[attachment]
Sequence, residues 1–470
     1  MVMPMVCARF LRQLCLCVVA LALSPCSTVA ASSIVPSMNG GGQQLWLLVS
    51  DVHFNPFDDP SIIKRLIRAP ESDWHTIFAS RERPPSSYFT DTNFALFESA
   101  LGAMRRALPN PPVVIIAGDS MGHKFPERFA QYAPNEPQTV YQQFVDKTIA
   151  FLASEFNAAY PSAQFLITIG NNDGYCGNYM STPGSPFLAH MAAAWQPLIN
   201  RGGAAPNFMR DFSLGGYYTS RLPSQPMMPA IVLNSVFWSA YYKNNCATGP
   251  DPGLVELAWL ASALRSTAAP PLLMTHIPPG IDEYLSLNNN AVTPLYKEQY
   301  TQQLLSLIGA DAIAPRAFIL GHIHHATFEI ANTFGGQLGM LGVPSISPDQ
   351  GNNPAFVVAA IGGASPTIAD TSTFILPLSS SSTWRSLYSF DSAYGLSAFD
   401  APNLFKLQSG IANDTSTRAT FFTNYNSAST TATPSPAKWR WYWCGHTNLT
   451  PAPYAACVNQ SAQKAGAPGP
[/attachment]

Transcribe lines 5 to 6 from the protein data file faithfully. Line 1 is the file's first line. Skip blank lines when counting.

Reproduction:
   151  FLASEFNAAY PSAQFLITIG NNDGYCGNYM STPGSPFLAH MAAAWQPLIN
   201  RGGAAPNFMR DFSLGGYYTS RLPSQPMMPA IVLNSVFWSA YYKNNCATGP